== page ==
Five ways The Elder Scrolls V: Skyrim can top Oblivion

For all your fantasy RPG do’s and don’ts, developers needn’t look any further than The Elder Scrolls IV: Oblivion. On one hand, Bethesda’s 2006 opus is a technical master class, a smorgasbord of eye-watering aesthetics backed up by a sumptuous open-ended landscape ripe for the picking. Its core narrative—which sees players tracking down Tamriel’s lost heir and driving the dastardly Daedric forces back their fiery pits—serves as a mere toe-dipper in the fantasy romp’s rich, sprawling ocean of ample side quests, level-building and exploration.

Ostensibly, The Elder Scrolls IV is your story; stitched and woven together by a series of irrevocable, life-changing decisions that ultimately concocts the compelling tapestry that is your life. The bifurcation of good and evil lies at your very feet for you to tread as you see fit. Do you adhere to the righteous rituals of a noble Knight or the unscrupulous antics of a slippery Thief? Is fame or infamy the name of your game? Does slitting someone’s throat in the dead of night come as natural to you as helping out some poor sod dispose of a gaggle of pesky Goblins? After dunking yourself in to Cyrodiil’s sprawling sandbox for a few days, you’re sure to find the answer to these questions and more.

Conversely, however, those of you who have racked up considerable time in Tamriel will concede that Oblivion’s far from the polished paradigm of fantasy escapism it could have been. Suffice to say, there’s a few flies in the ointment. From nasty niggles attributed to the game’s engine to repetitive quests, voice-overs and ugly design decisions, Bethesda’s magnum opus could have done with a slight trimming around the edges to say the least. As such, with the announcement of The Elder Scrolls V: Skyrim fresh on the old grey matter, here’s our pick of five ways Bethesda can ensure the follow-up delivers an even more competent adventure than its predecessor.


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1) Polish the engine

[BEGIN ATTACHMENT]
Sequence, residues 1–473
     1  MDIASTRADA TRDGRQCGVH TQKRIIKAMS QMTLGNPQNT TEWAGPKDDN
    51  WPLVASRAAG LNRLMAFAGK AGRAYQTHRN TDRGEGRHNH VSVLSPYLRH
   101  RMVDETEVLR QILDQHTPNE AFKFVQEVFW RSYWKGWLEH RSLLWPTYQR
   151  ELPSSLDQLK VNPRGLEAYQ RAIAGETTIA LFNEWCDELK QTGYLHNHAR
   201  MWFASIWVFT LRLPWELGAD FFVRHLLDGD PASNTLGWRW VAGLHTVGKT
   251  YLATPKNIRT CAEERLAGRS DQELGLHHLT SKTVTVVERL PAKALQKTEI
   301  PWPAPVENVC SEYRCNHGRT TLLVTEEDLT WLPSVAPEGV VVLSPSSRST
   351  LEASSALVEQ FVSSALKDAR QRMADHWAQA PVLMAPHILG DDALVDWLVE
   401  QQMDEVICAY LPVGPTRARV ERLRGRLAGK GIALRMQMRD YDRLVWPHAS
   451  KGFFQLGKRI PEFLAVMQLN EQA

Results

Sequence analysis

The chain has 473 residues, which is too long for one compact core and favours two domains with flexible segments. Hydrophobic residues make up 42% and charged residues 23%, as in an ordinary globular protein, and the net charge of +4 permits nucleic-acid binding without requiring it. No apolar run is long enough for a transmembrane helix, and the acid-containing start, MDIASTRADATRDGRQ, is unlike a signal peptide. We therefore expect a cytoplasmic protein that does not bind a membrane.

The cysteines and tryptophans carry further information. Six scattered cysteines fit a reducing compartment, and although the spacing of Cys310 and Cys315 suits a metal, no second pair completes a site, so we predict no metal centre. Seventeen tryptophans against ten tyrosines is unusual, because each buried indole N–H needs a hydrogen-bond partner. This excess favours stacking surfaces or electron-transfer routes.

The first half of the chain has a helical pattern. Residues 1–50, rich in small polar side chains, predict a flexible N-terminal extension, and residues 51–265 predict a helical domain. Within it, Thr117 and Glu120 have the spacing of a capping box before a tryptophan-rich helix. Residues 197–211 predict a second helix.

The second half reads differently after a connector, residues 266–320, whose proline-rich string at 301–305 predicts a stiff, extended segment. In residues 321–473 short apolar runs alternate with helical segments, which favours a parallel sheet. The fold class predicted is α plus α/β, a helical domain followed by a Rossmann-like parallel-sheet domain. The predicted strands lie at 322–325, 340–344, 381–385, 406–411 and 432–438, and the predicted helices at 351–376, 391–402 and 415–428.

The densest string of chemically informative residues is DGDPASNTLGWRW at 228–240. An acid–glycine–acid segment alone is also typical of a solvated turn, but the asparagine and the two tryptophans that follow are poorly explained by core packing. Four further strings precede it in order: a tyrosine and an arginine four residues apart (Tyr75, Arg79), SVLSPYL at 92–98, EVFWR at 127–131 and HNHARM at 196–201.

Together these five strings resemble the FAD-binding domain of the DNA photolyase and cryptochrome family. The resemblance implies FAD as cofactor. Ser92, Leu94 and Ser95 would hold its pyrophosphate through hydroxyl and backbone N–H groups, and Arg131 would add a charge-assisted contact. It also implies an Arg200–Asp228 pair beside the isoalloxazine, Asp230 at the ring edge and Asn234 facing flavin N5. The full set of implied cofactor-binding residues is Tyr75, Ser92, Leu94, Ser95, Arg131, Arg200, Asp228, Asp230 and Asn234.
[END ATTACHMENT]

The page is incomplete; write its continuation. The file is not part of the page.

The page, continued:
Oblivion’s game engine proved a fertile breeding ground for a myriad of technical hiccups. Not surprising, considering the sprawling RPG marked Bethesda’s inaugural next-gen offering and the team had roughly six months to acquaint themselves with the intricacies of new hardware. Nonetheless, the atrocities committed were less than bearable at the best of times. Games would inexplicably freeze up, slow down would make even the most rudimentary of maneuvering a task in itself, and pop-up and clipping reared its head in abundance. Needless to say, anyone busy pottering away in their little greenhouse of immersion would find their world well and truly shattered. If Skyrim is to enjoy a successful launch, then we can’t have a repeat performance of its predecessor’s tumultuous entry to market. Fortunately, Bethesda has already confirmed it’s been chiseling away on a fresh engine for The Elder Scrolls V, which means a meaty overhaul in all departments—providing they can weed out any potential bugs, we should have a glitch-free ticket to Skyrim come November 11. Sure, there’s bound to be a few nuts and bolts that need tightening under the hood, but as long as the Skyrim sports car isn’t coughing and spluttering along like an old banger, we’ll call it a definitive improvement.

2) Spice up the combat

In our humble opinion, Bethesda did a pucker job with Oblivion’s combat. Intuitive and rewardingly tactical at times, the game offered a fine balance between mindless mashing and meticulously timed mauling. If you liked slicing foes up with pointy-ended objects and serenading them with spells, Oblivion had you covered. However, one area the game was conspicuously lacking in was ranged attacks, specifically of the non-zapping variety. Sure, you had the bow and arrow, but it played a distinct second fiddle to the game’s deafening orchestra of proximity-based attacks, and was only really effective when enchanted. As such, we’d like to see Bethesda incorporate a meaty selection ... (continued on next page) ----

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